Lamar Odom is done after 50 games in Dallas, a mutual decision that comes with the defending NBA champion Mavericks trying to make sure they get back in the playoffs.
General manager Donnie Nelson said Monday it has been a difficult year for Odom, the team and the fans.
"The timing is what it is. These things never come at the best of times, so we felt with the playoff push coming up it was probably in everyone's interest," Nelson said. "Look, it's been a frustrating situation. Lamar hasn't performed like he wants to perform, is capable of performing. He's dealt with a lot of personal issues, and at this point, we need to be able to count on some folks. It's never easy to do these things. We just need to move on. "
Odom has been placed on the inactive list and will not play for the Mavericks, who have nine games left the regular season and are seventh in the Western Conference standings.
The NBA's reigning Sixth Man of the Year was traded to Dallas just before the start of the lockout-shortened season, right after the Los Angeles Lakers tried to send him to New Orleans in the Chris Paul deal that was nixed by the league.
The Lakers felt compelled to move the 6-foot-10 forward and the Mavericks considered it a low-risk move to use a trade exception from the deal that sent Tyson Chandler to the New York Knicks.
Odom never seemed happy or comfortable in Dallas, not even when wife and reality TV co-star Khloe Kardashian was in the stands just a few feet from the Mavericks bench. His averages of 6.6 points, 4.2 rebounds and 20.5 minutes were career lows, and he was booed by the home crowd as the sluggish performances multiplied.
The low point appeared to come Saturday night, when he played just four minutes in a 94-89 loss at Memphis. Asked after the game about the situation, Odom simply shrugged his shoulders. Mavericks star Dirk Nowitzki, who defended Odom all season, simply said "I'm done talking about that," after the Memphis game.
In a statement to ESPN.com on Monday, Odom agreed with Nelson that it was a mutual decision for him to step away from the team.
"I'm sorry that things didn't work out better for both of us," Odom said. "But I wish the Mavs' organization, my teammates and Dallas fans nothing but continued success in the defense of their championship."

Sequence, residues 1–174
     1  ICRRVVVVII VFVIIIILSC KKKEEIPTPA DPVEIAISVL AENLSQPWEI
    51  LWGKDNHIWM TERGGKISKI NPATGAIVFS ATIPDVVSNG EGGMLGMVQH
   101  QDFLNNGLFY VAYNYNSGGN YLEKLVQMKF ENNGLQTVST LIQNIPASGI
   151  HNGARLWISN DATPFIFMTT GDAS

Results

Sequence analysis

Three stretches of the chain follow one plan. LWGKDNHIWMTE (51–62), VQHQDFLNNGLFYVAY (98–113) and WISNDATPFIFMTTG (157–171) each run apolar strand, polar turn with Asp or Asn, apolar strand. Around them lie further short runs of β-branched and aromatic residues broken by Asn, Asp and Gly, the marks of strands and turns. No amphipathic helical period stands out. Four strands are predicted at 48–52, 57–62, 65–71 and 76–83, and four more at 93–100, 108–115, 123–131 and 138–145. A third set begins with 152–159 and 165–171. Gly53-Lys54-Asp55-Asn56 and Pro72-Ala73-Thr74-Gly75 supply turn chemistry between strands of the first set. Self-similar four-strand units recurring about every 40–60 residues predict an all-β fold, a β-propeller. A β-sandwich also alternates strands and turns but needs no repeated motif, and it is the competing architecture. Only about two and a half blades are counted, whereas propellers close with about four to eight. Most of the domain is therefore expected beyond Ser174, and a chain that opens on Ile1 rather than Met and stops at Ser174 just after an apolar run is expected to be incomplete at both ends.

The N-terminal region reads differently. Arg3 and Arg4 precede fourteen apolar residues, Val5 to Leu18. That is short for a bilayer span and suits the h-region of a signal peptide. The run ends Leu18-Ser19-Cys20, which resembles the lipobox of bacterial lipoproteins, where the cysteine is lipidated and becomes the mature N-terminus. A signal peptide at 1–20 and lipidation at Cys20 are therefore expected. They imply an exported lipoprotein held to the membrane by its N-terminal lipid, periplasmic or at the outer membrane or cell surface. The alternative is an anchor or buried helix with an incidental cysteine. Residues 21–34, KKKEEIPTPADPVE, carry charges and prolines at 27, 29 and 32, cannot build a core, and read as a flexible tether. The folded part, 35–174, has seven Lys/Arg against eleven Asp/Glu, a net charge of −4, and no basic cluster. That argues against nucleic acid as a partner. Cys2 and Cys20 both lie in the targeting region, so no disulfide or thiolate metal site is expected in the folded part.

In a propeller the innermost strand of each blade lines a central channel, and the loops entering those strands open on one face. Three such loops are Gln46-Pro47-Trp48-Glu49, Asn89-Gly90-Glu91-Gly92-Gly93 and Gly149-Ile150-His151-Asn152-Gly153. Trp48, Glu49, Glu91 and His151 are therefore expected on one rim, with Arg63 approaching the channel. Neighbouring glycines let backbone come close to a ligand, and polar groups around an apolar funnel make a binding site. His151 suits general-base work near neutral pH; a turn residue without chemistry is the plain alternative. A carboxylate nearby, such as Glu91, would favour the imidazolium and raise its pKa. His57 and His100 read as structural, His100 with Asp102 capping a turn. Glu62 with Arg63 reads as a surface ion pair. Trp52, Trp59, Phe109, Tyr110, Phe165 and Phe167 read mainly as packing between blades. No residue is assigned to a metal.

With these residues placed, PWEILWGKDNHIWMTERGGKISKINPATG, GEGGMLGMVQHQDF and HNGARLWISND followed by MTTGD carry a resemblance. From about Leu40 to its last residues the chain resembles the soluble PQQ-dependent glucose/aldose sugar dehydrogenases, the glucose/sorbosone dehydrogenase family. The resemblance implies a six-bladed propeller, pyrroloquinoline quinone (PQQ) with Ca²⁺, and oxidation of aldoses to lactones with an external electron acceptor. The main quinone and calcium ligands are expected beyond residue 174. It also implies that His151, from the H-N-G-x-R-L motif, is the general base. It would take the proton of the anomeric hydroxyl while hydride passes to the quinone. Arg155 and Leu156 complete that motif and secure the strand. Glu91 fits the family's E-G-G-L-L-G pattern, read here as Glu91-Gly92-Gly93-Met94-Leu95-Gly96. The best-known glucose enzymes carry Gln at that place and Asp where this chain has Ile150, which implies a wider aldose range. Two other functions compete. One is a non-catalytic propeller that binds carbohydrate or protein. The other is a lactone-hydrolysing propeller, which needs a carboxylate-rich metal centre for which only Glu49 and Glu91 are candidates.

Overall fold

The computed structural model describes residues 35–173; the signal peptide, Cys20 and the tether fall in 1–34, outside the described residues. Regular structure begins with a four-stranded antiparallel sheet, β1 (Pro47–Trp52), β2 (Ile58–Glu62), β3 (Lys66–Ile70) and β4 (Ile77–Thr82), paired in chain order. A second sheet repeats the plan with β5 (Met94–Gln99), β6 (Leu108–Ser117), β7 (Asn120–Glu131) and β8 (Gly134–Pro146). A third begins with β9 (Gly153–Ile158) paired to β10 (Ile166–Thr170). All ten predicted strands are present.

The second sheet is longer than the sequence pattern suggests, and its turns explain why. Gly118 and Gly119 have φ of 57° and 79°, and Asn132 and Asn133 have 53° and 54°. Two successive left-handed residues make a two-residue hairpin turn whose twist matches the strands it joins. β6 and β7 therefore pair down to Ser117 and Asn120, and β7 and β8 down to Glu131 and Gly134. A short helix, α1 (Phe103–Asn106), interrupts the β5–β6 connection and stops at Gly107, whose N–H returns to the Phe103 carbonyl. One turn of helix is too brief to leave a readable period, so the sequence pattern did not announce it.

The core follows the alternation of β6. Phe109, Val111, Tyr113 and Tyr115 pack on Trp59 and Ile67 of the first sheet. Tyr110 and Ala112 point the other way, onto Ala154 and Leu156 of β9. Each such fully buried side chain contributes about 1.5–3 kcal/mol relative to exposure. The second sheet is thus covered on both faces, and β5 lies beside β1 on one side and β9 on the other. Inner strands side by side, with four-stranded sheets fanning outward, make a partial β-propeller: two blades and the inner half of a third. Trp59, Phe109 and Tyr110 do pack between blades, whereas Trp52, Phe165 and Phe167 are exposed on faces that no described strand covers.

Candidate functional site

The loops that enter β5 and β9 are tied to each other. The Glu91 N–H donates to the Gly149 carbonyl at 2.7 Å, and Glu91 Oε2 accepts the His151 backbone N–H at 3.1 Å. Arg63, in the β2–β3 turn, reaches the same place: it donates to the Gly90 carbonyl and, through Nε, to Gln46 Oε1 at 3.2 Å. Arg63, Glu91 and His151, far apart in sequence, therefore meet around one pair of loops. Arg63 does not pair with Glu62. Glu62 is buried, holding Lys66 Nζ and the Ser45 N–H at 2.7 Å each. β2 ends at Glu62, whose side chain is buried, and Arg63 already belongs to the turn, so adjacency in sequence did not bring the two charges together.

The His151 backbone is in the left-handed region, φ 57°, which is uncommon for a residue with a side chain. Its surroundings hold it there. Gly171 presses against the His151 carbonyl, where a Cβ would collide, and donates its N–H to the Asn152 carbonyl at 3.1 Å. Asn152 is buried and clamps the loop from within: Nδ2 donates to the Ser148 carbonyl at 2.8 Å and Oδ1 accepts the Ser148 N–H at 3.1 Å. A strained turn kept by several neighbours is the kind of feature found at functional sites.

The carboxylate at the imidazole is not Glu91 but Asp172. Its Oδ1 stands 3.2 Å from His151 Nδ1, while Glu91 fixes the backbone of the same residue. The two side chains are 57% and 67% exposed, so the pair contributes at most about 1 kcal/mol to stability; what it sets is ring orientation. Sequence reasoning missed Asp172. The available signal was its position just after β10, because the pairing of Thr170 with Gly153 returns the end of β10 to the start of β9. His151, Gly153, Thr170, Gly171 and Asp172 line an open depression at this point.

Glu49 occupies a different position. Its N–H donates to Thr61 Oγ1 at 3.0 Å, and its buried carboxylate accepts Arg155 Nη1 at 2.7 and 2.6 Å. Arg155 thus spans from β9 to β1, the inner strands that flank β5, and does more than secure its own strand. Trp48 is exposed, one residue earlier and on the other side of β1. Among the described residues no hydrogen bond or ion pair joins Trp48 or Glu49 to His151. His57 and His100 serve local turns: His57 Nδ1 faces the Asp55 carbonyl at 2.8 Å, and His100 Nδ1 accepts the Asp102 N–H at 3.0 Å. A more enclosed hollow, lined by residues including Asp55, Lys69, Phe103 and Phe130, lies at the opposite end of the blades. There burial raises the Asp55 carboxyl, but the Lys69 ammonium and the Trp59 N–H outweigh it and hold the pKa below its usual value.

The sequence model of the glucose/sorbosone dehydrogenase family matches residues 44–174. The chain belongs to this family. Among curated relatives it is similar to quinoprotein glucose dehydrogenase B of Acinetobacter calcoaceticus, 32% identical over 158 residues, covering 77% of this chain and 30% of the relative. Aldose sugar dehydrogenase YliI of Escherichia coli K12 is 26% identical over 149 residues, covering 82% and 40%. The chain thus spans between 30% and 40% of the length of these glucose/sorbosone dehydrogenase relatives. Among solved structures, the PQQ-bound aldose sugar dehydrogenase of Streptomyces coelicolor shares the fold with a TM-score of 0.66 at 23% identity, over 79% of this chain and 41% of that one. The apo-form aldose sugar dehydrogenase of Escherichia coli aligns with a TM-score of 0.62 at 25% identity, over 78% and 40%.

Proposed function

Nowitzki and Jason Kidd exited practice Monday through a side door without talking to reporters.
"It's time to turn the page," said coach Rick Carlisle, who had grown weary of the constant questions about Odom. "I'm not going to comment on it any further."
Mavericks owner Mark Cuban hoped Odom could fill a void after the team decided against re-signing Chandler, considered a key piece of the championship team because of his leadership skills and strong defensive presence.
The decision on Chandler was widely viewed as something that would give the Mavericks flexibility to pursue free agents this summer — notably Dwight Howard and Deron Williams — but Cuban maintained the addition of Odom's ability to shoot, pass and defend gave the Mavs a strong chance to defend their crown.
Without Odom, the Mavericks lose their best backup to Nowitzki.
"We'll adjust. We've got other guys," Carlisle said. "I really feel we have other guys that are ready to step up, so that's what we'll do."
The Mavericks have recalled guard-forward Kelenna Azubuike from the NBA Development League. He hasn't played in the NBA since injuring a knee two seasons ago and averaged 6.4 points and 3.4 rebounds in seven games with the Texas Legends, who have finished their season.
"He's a hopeful short-term play, but more likely a long-term play as he's working through his injury," Nelson said. "Had a real good stint in the D-League. We're looking forward to him joining the team, going through a good, solid summer. But realistically, we're looking toward next year."